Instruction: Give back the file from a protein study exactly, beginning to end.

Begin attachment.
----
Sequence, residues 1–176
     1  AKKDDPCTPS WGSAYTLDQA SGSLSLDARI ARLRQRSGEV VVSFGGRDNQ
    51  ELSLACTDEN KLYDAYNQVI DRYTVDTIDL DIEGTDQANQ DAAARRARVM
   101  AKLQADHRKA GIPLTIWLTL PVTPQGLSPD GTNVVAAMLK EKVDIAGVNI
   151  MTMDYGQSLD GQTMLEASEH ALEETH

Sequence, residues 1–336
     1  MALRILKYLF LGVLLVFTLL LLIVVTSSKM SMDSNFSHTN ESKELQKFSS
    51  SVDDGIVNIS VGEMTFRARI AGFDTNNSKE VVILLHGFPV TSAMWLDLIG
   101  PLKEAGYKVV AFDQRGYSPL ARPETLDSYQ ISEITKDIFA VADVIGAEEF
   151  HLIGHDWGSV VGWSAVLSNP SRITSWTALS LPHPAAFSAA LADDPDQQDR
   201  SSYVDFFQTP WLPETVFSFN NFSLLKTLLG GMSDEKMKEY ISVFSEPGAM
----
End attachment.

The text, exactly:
Sequence, residues 1–176
     1  AKKDDPCTPS WGSAYTLDQA SGSLSLDARI ARLRQRSGEV VVSFGGRDNQ
    51  ELSLACTDEN KLYDAYNQVI DRYTVDTIDL DIEGTDQANQ DAAARRARVM
   101  AKLQADHRKA GIPLTIWLTL PVTPQGLSPD GTNVVAAMLK EKVDIAGVNI
   151  MTMDYGQSLD GQTMLEASEH ALEETH

Sequence, residues 1–336
     1  MALRILKYLF LGVLLVFTLL LLIVVTSSKM SMDSNFSHTN ESKELQKFSS
    51  SVDDGIVNIS VGEMTFRARI AGFDTNNSKE VVILLHGFPV TSAMWLDLIG
   101  PLKEAGYKVV AFDQRGYSPL ARPETLDSYQ ISEITKDIFA VADVIGAEEF
   151  HLIGHDWGSV VGWSAVLSNP SRITSWTALS LPHPAAFSAA LADDPDQQDR
   201  SSYVDFFQTP WLPETVFSFN NFSLLKTLLG GMSDEKMKEY ISVFSEPGAM